2.6. Statistical Analysis

Data analyses were performed using GraphPad Instat software (GraphPad Prism Inc., San Diego, CA, USA). Levels of significance were determined using ANOVA using Dunnett’s posttest where all columns of treatments were compared to the control. All data were expressed as mean ± standard deviation. values or less were considered to indicate statistically significant difference.

3. Results

3.1. Antibacterial Susceptibility

The effects of C. citrinus and V. adoensis extracts on bacterial species were determined by measuring preincubation and postincubation absorbance readings at 600 nm. At an initial screening concentration of 1.67 mg/mL, both alkaloids from C. citrinus and V. adoensis inhibited bacterial growth significantly (, Figure 1). C. citrinus alkaloids were the most potent in inhibiting growth of P. aeruginosa with the mean absorbance for the cells exposed to this extract being 0.023 AU whilst that of V. adoensis alkaloids had 0.125 AU. Ampicillin as was expected almost killed all the cells in the positive controls as the recorded mean absorbance was 0.0062 AU. Generally, P. aeruginosa was less susceptible to the antibacterial effect of the alkaloids and ampicillin as compared to S. aureus.

Figure 1: The effect of ampicillin, C. citrinus, and V. adoensis alkaloids on growth of S. aureus and P. aeruginosa. Concentrations of 1.67 mg/mL and 1 × 106 cfu/mL of the extract and bacteria, respectively, were used. Values are expressed as mean absorbance at 600 nm wavelength ± standard deviation ().
3.2. Determination of MIC and MBCs

The MIC was identified for the well in which there was the least visible MTT color. The extracts from C. citrinus were the most potent with the lowest MIC of 0.025 mg/mL against S. aureus and 0.21 mg/mL against P. aeruginosa. The least potent extracts were those from V. adoensis, the MIC being 0.21 mg/mL against S. aureus. C. citrinus extracts only had a bactericidal action against S. aureus only with an MBC of 0.835 mg/mL (Table 1) whereas the MBC for ampicillin was 0.008 mg/mL [25]. Alkaloids from C. citrinus and V. adoensis had bacteriostatic effect against both bacterial species.

Table 1: A summary table for the minimum inhibitory concentration (MIC) and minimum bactericidal concentration (MIC) assays.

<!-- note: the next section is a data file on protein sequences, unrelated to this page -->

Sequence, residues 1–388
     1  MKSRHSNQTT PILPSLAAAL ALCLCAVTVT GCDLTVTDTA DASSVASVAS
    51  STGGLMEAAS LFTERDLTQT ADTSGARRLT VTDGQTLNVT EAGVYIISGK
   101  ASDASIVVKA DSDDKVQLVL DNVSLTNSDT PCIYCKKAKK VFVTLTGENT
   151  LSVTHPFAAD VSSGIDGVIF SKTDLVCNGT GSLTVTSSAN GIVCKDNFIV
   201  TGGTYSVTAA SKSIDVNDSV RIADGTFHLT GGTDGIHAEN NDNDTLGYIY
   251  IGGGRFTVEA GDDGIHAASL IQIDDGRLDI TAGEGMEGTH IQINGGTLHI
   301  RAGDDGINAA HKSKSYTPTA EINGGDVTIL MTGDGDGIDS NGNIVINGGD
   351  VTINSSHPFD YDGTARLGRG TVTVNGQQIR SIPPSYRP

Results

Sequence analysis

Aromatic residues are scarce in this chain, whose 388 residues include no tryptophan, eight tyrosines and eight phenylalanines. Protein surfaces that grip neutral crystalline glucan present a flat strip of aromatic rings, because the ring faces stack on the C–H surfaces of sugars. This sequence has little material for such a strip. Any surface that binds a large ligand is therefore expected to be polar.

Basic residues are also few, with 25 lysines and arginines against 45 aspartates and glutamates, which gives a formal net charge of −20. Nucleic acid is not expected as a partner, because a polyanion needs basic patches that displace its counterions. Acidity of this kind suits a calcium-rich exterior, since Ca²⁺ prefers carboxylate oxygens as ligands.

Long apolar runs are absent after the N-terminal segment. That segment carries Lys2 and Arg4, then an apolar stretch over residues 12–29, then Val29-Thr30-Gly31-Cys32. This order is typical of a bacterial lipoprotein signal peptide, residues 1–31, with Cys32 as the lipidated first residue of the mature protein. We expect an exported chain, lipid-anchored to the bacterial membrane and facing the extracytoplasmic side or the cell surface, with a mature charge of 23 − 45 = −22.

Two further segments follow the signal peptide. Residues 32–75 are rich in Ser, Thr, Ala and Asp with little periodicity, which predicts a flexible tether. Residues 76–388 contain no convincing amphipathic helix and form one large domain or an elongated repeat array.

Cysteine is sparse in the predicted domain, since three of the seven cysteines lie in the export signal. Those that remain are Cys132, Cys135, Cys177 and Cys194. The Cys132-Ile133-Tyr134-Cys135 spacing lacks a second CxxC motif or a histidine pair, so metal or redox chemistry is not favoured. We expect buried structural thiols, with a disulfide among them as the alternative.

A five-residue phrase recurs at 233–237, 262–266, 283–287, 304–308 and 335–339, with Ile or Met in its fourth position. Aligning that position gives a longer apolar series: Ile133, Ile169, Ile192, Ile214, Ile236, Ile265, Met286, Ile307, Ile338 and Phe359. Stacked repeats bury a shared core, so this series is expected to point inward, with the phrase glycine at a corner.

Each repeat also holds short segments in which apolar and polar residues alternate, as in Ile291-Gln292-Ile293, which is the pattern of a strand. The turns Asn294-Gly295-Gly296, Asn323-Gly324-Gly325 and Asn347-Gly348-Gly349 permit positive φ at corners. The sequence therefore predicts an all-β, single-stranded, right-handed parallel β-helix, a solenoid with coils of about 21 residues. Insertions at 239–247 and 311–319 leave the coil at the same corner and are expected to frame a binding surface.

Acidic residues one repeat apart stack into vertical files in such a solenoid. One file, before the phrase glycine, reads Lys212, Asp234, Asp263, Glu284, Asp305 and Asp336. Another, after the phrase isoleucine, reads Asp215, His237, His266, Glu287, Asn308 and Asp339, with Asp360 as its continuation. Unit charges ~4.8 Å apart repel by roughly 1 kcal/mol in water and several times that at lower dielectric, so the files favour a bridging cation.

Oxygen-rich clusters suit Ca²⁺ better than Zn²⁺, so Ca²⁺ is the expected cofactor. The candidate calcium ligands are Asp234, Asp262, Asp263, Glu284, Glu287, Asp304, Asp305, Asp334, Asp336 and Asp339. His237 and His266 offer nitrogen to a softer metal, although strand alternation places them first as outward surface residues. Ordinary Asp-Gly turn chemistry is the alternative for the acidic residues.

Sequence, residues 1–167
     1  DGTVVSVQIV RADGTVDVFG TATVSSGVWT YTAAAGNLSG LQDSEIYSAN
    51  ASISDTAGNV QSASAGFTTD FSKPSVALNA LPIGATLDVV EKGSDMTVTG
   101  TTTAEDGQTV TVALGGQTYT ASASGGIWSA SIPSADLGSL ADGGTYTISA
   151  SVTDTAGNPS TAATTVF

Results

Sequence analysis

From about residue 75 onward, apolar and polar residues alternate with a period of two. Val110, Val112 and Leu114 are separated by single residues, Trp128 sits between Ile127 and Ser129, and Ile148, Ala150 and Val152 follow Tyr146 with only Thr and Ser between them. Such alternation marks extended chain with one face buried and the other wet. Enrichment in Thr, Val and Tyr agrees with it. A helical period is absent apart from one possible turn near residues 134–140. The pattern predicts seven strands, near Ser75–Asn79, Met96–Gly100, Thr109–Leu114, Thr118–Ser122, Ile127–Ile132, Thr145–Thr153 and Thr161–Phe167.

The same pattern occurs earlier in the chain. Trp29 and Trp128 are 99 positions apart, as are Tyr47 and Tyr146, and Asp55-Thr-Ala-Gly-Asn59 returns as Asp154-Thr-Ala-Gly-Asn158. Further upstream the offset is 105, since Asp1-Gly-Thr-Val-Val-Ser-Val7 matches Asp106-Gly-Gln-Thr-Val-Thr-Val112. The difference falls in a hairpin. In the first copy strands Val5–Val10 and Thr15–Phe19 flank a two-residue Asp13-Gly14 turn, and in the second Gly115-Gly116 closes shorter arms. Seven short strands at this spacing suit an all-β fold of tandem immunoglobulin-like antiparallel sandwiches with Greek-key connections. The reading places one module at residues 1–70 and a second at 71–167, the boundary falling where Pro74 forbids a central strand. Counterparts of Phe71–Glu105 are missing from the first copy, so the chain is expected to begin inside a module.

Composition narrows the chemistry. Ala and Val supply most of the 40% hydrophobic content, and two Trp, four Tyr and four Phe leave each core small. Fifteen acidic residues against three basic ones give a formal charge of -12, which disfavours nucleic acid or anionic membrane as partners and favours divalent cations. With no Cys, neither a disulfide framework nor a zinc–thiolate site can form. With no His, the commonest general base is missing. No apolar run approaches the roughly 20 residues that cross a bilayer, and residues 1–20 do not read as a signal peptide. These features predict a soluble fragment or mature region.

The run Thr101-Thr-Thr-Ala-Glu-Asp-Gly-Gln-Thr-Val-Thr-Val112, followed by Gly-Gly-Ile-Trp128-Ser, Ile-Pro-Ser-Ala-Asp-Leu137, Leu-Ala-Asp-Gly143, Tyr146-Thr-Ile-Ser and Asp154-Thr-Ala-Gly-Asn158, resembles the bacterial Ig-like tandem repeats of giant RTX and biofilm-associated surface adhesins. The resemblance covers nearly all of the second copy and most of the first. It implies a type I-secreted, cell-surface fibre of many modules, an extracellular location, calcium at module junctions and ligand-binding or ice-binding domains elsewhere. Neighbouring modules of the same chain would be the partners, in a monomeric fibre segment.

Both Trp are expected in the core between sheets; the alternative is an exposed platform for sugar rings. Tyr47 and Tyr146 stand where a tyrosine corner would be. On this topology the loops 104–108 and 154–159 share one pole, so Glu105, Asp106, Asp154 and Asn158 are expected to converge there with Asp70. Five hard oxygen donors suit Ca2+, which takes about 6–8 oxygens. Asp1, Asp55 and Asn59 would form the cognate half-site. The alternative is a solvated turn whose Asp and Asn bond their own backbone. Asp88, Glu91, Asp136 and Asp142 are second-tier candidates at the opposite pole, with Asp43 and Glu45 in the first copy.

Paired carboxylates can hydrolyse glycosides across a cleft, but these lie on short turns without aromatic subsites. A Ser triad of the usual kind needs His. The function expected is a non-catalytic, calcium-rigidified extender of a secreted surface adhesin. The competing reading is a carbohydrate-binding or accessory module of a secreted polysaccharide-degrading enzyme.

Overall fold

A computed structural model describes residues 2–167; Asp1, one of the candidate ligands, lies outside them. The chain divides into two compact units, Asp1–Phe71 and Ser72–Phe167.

3.3. Drug Accumulation Assay

The effects of the extracts on drug accumulation were determined using Rhodamine 6G, a fluorescent dye that is actively pumped out by the ATP-dependent efflux pumps of both species of bacteria in this study [26]. The highest accumulation of Rhodamine 6G was by C. citrinus alkaloids against P. aeruginosa which was 121% increase from the glucose only control. S. aureus was shown to be less susceptible to efflux pump inhibition as an increase in accumulation of 114% was obtained. For V. adoensis, less inhibitory activity was noted with only 14% increases in accumulation from the control. Thus, C. citrinus alkaloids inhibited efflux pumps to a greater extent as compared to V. adoensis alkaloids. Interestingly, P. aeruginosa proved to be more susceptible to efflux pump inhibition than S. aureus as the standard inhibitor reserpine’s activity was more notable against P. aeruginosa than against S. aureus (Figure 2 and Table 2).

Table 2: A summary table for the concentration of R6G that accumulated in the bacterial cells after exposure to the extracts.
Figure 2: The accumulation of Rhodamine 6G over time. The graphs are a plot of Rhodamine 6G concentration inside the cells after 30 minutes of incubation against the sample used (plant alkaloid or reserpine). Glucose was used as positive control to provide a baseline increase in accumulation and as energy for the ATP-dependent efflux pumps. Error bars denote the standard deviations from the mean ().

4. Discussion

The search for antimicrobial compounds for the benefit of humanity is necessitated by the inherent ability of pathogens to develop and adopt mechanisms of resistance against antibiotics. Potentially harmful side effects associated with use of new chemical entities synthesized artificially and the unsustainably high costs of drug development are slowly shifting the focus to plant derived phytochemicals of medicinal significance [27]. Coformulation of naturally sourced antimicrobial adjuvants like efflux pump inhibitors with old and new generation antibiotics remains a novel mechanism of countering antimicrobial resistance.

The effects of C. citrinus and V. adoensis extracts were determined by carrying out antibacterial susceptibility tests, minimum inhibitory concentration (MIC), and minimum bactericidal concentration (MBC) determinations. The antibacterial susceptibility tests showed that the alkaloid extract had potent antibacterial properties. Results from this study showed S. aureus to be more susceptible to both alkaloid extracts than P. aeruginosa which was expected as previous studies confirm that Gram-positive strains are more sensitive to malicious xenobiotics than Gram-negative bacteria [8]. V. adoensis alkaloid extract also showed significant antibacterial activity second to C. citrinus. Similar margins of inhibition were obtained by Aliyu et al. [17] when chloroform fractions of Vernonia species were tested against methicillin resistant S. aureus (MRSA) and Gram-negative bacteria as well. Chloroform and ethanol extracts of C. citrinus were found to be active against both S. aureus and P. aeruginosa and other bacteria like E. coli and S. typhi via disc diffusion methods [28, 29]. Although the extracts used were crude, alkaloids have been found to be present in the chloroform and ethanol solvents of extraction [29]. In this regard, the alkaloid extract of C. citrinus and V. adoensis might have broad spectrum activity since they exhibited activity against both Gram-positive and Gram-negative bacteria.